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Policy Matters: Pushing the CTF Buttons

“JR [SHAW] IN HIS FOLKSY WAY, SAYS HE LEARNED AN IMPORTANT LESSON EARLY IN HIS CAREER: ALTHOUGH CABLE WAS A MONOPOLY, IT WAS NOT A LICENCE TO PRINT MONEY—IT IS, IN FACT, A LICENCE TO SPEND MONEY.” —Gordon Pitts; Kings of Convergence: the Fight for Control of Canada’s Media.

You may have heard a lot about Jim Shaw lately. J.R.’s son is the self-cultivated shoot-from-the-hip-cowboy CEO of Shaw Cable Systems. You may also know that he’s likely the most powerful communications executive in Canada.

Shaw has caused a storm in the production industry this winter by freezing his company’s federally-required contribution to the Canadian Television Fund (CTF)—the prime source of much production financing in the whole TV infrastructure. We’re talking here about 5% of annual posted revenue. Not much of a spend from the Cable side of things is it? Since Videotron joined the “strike,” the two companies are withholding at least 5 million a month. That is a lot, to Canadian producers anyway.

But Mr. Shaw claims there are problems with CTF governance, and that heck, he just isn’t sure that Cancon programs are very good or memorable. Now, Shaw, like Rogers, has reps on the CTF’s board. It’s a hard working board and yes, public and private interests bedevil it. But there’s little that should really surprise Mr. Shaw.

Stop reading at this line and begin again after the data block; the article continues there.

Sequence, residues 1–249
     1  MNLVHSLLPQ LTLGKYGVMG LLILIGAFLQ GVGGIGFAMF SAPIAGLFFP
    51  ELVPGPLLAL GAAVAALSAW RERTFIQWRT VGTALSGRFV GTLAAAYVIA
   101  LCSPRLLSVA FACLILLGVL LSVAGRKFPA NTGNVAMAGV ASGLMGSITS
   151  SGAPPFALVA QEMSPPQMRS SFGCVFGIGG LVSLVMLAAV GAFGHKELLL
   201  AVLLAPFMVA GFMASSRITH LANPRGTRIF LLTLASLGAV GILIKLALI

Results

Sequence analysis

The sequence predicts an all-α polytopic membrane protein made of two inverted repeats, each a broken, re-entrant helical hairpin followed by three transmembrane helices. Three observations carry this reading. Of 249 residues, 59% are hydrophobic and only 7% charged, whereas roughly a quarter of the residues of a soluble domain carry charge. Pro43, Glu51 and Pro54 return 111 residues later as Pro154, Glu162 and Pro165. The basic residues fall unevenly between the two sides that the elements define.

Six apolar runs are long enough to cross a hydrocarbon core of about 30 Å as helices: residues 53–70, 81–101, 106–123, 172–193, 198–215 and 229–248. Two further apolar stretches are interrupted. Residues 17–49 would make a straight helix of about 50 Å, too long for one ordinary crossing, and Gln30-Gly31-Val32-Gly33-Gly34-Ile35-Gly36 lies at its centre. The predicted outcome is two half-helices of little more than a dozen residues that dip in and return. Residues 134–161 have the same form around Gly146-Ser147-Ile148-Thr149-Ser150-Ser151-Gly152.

There should be no surprises too, for another, more salient reason. Shaw Cable System’s sister entity, Shaw Communications, spun off a separate company called Corus Entertainment to manage and “own” the specialty channel and radio assets (and Nelvana) that it hoovered up in the last decade. But make no mistake: the connection is still there. Corus’s Chair is Jim Shaw’s sister Heather and another Shaw offspring sits on the board. These specialty channels are recipients of the CTF through commissioned projects by producers. So why would Mr. Shaw threaten the very structure that has kept these assets within the regulatory fold by fulfilling their Canadian content requirements? If CTF funded programs aren’t to his liking, to whom should he really lay the blame? Broadcasters like Shaw’s former assets? Many of us have lamented the dumbing- down of CTF-applicable programs forced on us by many specialty channels in their drive for profit. Why would he pull at that particular thread, too?

Some would say that Mr. Shaw wants to bring the whole thing down into a deregulatory vortex: no Canadian content, therefore no need for specialty channels to be sandbagged by Cancon, and therefore no need for the CTF. Win/win all all-round, eh? Seems Jim has forgotten his dad J.R.’s lesson about cable.

Barri Cohen is an award-winning filmmaker and writer. She produced Phyllis Ellis’s Toxic Beauty and is currently threading the needle of safe shooting on her feature documentary Unloved for the Documentary Channel. She is a member of the Documentary Organization of Canada’s COVID-19 Production Committee.

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